At the Blended Librarians Online Learning Community we have delved somewhat infrequently into the world of Open Educational Resources (OER) and what we can do to promote their use to our faculty. In the past John and I have engaged the community in conversations about digital learning objects (what many folks now point to as OER in repositories such as MERLOT II). In addition we have engaged in discussions about OER, such as when we invited Quill West to be our guest.
In addition to whatever role we might play in promoting the adoption on our campuses – and there is much territory to cover in that capacity from strategically leading the campus to develop an institutional OER strategy to doing the grunt work of encouraging individual faculty to adopt an open textbook for their course – we can also be participants in the textbook revolution by adopting open textbooks when we are the instructors.
Most Blended Librarians have at one time served or will serve in an instructional capacity to teach undergraduate and graduate college students how to conduct research. Whether they teach a for-credit course or just one-shot sessions on demand, there are now two open textbooks to consider for integration into the instruction.
The Information Literacy User’s Guide: An Open Online Textbook is the older of the two. It is authored by librarians who are mostly at the University at Albany, State University of New York. The lead author is the well-known information literacy expert Trudy Jacobson. According to the authors the book”helps students examine their roles as information creators and sharers and enables them to more effectively deploy related skills.” It includes case studies and scenarios, many hands-on exercises, and interactive quizzes.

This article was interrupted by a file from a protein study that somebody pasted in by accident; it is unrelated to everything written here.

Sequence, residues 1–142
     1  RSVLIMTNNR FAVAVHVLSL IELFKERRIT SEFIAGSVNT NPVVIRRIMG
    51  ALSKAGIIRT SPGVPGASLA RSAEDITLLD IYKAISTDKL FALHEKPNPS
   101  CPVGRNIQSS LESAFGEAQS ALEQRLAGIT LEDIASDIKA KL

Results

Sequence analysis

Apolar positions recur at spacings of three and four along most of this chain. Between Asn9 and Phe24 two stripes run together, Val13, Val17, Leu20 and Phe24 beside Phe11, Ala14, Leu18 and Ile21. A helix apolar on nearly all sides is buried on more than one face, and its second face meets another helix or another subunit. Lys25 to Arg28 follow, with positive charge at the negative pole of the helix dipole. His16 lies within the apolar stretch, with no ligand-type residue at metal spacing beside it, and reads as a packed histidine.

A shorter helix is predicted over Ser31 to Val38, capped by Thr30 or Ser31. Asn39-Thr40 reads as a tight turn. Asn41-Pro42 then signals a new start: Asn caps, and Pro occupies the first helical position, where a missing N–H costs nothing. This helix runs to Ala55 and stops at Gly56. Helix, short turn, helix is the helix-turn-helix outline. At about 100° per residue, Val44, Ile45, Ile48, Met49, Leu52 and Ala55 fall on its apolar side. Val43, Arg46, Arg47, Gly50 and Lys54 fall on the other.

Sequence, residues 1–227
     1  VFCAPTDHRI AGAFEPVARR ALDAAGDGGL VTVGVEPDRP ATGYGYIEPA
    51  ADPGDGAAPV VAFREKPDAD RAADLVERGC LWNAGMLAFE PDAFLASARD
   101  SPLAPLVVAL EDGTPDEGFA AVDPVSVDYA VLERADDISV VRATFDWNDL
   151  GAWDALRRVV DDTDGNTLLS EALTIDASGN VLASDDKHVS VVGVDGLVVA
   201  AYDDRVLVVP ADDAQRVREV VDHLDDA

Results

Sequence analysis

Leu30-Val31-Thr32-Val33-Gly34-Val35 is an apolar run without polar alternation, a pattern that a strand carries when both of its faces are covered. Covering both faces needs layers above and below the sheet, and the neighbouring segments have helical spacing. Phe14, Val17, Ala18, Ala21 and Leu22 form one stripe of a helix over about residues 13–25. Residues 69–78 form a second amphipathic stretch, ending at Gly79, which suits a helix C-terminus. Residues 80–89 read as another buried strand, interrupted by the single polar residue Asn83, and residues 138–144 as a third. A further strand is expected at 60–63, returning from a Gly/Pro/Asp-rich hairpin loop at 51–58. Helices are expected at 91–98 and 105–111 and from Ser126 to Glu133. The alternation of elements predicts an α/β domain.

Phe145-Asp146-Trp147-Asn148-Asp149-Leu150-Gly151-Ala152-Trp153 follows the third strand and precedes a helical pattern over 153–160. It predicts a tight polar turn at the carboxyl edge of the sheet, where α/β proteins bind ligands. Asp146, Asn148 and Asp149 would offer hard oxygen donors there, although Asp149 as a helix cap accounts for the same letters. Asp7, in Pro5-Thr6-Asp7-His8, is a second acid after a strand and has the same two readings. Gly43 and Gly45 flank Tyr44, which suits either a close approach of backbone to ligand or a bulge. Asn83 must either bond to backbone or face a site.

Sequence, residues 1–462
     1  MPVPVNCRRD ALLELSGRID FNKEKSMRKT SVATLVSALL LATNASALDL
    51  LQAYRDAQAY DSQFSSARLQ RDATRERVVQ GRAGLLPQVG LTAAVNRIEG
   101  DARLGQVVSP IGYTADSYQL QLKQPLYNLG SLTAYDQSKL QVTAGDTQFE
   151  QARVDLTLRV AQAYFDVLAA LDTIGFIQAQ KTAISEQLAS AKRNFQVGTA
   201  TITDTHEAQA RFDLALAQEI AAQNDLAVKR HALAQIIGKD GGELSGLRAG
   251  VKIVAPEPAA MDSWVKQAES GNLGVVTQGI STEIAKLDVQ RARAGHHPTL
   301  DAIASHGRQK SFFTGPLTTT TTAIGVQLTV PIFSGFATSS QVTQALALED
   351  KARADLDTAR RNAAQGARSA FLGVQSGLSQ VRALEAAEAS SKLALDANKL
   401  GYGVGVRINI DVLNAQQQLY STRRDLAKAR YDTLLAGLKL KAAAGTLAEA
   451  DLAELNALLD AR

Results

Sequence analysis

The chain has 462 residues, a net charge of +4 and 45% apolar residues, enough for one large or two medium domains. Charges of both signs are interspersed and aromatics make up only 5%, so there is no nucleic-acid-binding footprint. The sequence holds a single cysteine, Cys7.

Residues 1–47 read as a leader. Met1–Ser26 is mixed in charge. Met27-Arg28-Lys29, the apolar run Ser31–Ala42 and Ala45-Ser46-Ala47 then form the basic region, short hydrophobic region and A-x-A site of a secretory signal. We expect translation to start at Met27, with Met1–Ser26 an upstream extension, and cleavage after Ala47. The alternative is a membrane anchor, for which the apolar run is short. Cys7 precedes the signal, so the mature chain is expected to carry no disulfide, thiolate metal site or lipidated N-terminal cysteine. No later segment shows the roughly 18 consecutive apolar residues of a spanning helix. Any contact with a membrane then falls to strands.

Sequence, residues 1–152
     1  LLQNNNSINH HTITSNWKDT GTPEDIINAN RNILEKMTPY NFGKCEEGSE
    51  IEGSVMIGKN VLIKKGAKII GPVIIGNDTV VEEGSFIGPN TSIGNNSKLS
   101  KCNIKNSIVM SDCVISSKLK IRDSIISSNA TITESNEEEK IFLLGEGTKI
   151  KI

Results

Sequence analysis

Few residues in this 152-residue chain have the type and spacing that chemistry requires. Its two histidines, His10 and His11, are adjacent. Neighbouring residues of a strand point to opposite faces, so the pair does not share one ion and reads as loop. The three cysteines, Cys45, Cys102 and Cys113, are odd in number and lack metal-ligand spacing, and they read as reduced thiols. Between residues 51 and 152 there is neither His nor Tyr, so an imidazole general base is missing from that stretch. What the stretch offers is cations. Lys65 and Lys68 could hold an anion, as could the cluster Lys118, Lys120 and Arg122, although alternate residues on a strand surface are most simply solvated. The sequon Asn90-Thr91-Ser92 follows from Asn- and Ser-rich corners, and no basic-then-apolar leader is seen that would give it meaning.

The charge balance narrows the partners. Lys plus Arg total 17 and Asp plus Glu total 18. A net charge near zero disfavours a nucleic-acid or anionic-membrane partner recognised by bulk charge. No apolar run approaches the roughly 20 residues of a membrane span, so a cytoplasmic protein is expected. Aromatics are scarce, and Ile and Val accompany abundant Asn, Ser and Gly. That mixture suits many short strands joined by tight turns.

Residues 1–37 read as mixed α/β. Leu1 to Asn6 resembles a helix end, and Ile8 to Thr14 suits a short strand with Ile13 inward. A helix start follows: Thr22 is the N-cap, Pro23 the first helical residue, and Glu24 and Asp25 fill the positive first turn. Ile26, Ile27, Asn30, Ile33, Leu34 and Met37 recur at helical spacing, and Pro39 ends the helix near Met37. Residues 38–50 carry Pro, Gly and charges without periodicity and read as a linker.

The new and somewhat recently released Choosing & Using Sources: A Guide to Academic Research comes from librarian-educators at The Ohio State University. The authors describe it as presenting a “process for academic research and writing, from formulating your research question to selecting good information and using it effectively in your research assignments”. Similar to the other book there are self-quizzes and activities in each chapter to reinforce core concepts for the learner who then applies them.
My guess is that most academic librarians would not be in a position to assign either one of these books as a required or even recommended reading for a course at their institution. I do think either one or both offer great possibilities as a tool for flipping the library instruction session. Rather than walking into a room full of students who know little or nothing about college-level research skills, why not collaborate with the instructor to have the student conduct a recommended activity or quiz in advance of the session (call that flipping the instruction if you will). In fact, these open textbooks could be directly adopted by faculty who want to take primary ownership for teaching their students to become effective researchers.
They could also be of value to LIS educators teaching courses in instruction for graduate students. LIS educators may have few if any open textbooks to choose from so they should welcome these two into the curriculum.
Seeing the appearance of open textbooks in our own profession is encouraging, and possibly gives us some “we are walking the talk” credibility among our instructor colleagues. So many thanks for our colleagues at SUNY and OSU for developing these excellent open textbooks. Let’s show our appreciation by putting them to good use.